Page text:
This poor paralyzed man floats down from the ceiling. Jesus has a vision, too. He doesn’t mess around with surface matters, with presenting symptoms. He goes right to the cause of the problem and says, “Your sins are forgiven.” Problem solved!
But a new problem arises! Jesus is violating protocol. He is displaying an excess of personal power. He is out of scale. The scribes (visiting in his house!) challenge Jesus on the basis of rules, and then they challenge his very person. “What you do is bad” leads to “Who you are is bad.”
Jesus responds in what may be a playful move: he switches back and addresses the symptoms. He is willing to change from “your sins are forgiven” (the root of the matter) to “pick up your mat and walk” (the surface issue). The man picks up his mat and walks, amazing the bystanders and annoying the scribes. Jesus is upsetting the system. The result of this annoyance is friction with those who attach their needs and expectations to that system. The scribes have something to lose here. The penultimate result of this annoyance is crucifixion, because sometimes you have to do the right thing regardless of the conflict it causes. (The ultimate result, of course, is resurrection.)
What do we learn from these stories about what can create conflict?
Expectations play a leading role—more specifically, attachment to those expectations. Cain expected God to meet his need to be noticed by noticing that Cain had brought an offering to God. What God ended up noticing was Cain’s anger and fallen face. The scribes had expectations about the limited role of a messiah and about where forgiveness comes from. They might also have been afraid: afraid of change, of losing status. Face it: people do not like their boats rocked.
Conflict often arises from actions that don’t yield the expected results. Frustration, disillusionment, bewilderment, the need to go back to the drawing board, the feeling of having wasted time and effort, and perhaps even a lost “now what?” feeling can drag our fingers into a fist.
The need for acceptance also plays a big role. Again, Cain longed for acceptance and was so deeply hurt when he was not accepted that it harmed his character. The paralytic wanted to be rejoined with society. We all long for a place in another’s heart, whether God’s or the community’s. Conflict does not occur alone. Our lives, and both the joys and conflicts they bring, are relational.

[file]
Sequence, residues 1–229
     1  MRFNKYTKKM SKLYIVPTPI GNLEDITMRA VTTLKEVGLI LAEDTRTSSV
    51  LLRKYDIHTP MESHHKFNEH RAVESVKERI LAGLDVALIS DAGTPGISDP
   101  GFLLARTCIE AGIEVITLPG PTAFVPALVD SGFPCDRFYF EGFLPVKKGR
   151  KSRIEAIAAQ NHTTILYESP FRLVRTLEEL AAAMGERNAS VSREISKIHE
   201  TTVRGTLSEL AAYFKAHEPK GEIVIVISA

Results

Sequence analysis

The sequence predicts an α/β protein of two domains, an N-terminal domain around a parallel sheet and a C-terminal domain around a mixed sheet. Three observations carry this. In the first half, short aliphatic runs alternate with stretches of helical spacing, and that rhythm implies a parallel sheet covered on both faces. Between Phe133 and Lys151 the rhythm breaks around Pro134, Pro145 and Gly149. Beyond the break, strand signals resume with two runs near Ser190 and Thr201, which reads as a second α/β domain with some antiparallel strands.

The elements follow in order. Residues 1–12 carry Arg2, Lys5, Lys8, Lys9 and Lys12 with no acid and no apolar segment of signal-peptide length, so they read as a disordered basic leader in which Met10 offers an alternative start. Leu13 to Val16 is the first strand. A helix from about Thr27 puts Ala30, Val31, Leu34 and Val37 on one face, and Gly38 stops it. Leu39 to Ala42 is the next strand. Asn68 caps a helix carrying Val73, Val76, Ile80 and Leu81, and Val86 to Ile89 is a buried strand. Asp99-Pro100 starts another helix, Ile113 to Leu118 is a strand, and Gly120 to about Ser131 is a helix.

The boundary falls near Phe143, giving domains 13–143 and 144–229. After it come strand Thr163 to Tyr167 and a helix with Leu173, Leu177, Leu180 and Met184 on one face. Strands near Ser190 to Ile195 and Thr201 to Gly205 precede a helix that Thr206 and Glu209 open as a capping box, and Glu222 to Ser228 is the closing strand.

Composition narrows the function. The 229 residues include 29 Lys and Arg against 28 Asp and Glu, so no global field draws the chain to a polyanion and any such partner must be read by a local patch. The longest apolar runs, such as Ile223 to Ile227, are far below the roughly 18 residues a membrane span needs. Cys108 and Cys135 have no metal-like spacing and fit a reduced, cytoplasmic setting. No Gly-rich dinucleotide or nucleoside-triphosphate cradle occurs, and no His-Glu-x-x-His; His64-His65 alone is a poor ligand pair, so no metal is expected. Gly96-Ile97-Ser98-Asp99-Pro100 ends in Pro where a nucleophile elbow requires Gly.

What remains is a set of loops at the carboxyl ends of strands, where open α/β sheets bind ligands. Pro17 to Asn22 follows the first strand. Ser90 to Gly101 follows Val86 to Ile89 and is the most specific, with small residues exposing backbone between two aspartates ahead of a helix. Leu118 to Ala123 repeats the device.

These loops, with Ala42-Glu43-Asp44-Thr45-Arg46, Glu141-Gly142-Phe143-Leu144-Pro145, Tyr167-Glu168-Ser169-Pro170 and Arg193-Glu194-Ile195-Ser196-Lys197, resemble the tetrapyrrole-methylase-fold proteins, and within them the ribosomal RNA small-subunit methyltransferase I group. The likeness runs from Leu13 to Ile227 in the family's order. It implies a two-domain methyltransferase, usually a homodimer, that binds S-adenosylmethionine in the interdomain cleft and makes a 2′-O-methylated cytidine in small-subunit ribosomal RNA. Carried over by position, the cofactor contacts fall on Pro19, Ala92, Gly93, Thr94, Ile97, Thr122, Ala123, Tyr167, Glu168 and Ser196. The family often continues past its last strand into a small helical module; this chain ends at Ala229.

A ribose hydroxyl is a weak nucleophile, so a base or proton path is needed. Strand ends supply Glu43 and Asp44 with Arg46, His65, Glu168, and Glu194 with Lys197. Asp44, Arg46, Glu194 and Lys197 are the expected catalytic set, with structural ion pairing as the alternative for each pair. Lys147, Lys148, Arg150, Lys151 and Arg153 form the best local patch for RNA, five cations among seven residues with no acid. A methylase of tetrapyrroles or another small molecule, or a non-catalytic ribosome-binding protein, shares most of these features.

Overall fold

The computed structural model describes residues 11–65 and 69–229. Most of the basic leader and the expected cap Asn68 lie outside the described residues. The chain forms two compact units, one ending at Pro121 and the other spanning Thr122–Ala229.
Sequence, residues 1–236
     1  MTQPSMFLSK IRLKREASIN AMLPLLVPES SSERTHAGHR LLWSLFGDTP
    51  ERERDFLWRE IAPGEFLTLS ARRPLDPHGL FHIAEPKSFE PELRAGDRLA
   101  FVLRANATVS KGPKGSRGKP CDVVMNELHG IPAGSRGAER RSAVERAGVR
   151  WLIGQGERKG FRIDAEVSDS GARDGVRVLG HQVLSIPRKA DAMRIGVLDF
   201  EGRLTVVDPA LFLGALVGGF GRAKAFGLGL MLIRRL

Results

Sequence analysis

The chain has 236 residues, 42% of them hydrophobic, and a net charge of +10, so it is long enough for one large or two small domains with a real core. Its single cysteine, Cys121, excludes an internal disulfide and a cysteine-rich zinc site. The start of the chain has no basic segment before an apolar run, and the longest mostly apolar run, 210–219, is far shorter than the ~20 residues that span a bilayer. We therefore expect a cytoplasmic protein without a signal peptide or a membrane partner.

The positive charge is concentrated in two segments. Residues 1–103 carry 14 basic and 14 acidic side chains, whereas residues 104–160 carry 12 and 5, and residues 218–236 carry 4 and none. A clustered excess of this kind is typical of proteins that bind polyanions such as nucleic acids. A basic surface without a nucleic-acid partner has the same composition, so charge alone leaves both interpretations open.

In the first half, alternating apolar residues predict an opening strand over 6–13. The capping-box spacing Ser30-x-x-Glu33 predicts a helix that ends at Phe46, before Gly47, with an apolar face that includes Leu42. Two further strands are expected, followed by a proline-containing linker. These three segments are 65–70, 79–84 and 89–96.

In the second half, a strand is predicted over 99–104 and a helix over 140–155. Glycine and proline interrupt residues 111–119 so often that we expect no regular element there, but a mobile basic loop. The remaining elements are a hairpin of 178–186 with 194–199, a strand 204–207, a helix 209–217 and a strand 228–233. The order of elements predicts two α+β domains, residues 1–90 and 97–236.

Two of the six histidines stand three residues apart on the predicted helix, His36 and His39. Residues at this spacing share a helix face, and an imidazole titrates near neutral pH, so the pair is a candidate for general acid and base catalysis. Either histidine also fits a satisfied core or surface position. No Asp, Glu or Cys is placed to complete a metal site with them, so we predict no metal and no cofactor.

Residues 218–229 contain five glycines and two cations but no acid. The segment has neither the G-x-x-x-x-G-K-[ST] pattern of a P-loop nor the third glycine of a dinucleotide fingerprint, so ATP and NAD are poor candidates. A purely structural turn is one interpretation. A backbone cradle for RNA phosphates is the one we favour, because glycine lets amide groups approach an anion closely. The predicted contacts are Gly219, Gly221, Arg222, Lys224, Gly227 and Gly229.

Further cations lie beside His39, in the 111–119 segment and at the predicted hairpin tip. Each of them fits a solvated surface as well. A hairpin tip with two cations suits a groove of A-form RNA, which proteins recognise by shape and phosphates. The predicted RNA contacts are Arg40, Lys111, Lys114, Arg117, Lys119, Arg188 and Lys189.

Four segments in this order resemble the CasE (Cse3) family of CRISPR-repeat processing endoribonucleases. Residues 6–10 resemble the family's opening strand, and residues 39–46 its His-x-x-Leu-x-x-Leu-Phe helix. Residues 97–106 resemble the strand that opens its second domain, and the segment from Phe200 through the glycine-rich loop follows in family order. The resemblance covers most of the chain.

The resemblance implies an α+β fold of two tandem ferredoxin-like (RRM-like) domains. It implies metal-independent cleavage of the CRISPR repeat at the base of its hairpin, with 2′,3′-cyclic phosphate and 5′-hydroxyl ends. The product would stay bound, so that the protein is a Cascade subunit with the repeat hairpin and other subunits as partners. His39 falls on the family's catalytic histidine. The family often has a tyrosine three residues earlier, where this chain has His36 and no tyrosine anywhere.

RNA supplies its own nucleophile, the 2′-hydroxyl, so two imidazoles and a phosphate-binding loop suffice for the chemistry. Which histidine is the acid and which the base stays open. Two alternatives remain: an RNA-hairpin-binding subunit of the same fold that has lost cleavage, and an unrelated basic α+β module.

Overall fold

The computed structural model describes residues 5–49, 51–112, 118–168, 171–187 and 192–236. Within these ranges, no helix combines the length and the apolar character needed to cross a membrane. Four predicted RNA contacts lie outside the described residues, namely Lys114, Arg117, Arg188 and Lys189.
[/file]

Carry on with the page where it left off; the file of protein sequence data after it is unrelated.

Communication is a huge factor in conflict. To me, it is a wonder that people ever communicate at all. When we try to connect through words, there is what we mean to say, what we actually say, what is heard, and what is understood. The meaning we intend can be missed, twisted, or substituted at many steps between one brain and another. God may have said lovingly, “Why are you angry? And why has your countenance fallen?” But apparently Cain heard a scolding instead: “Why are you angry? And why has your countenance fallen?”
I learned a long time ago that, no matter how much I might be convinced that the person who misunderstood me was in the wrong, the most constructive thing I could do was say, “I’m sorry, I guess I didn’t make myself clear.” No point adding an argument about what I did or didn’t say on top of a mixed-up communication.
Also in the category of communication is what is not said. We are not told that Cain ever told God what he wanted; he just gets mad when he doesn’t get it. My husband, Norris Dale, has a saying he calls Dale’s Law: “If you don’t say you want it, you probably won’t get it.” With his brother, Cain exhibits an aggressive silence, an intentional non-communication. In some translations, we read, “Cain said to Abel, ‘Let us go to the field.’” These translators insist on putting words in Cain’s mouth. The Hebrew actually says, “Cain spoke to Abel.” That’s all. Cain seems so disdainful of his brother that even when he speaks to him, he doesn’t say anything.
Interpretation is a major player in the conflict game. Cain has decided exactly what happened: God picked Abel and not him. God is unfair. God’s regard is a limited resource, and Abel got Cain’s share. Cain is not able to stop and look within and ask, “How else might I understand this?” So his conflict with— his attack on—Abel enacts his limited thinking. That happens in real life a lot.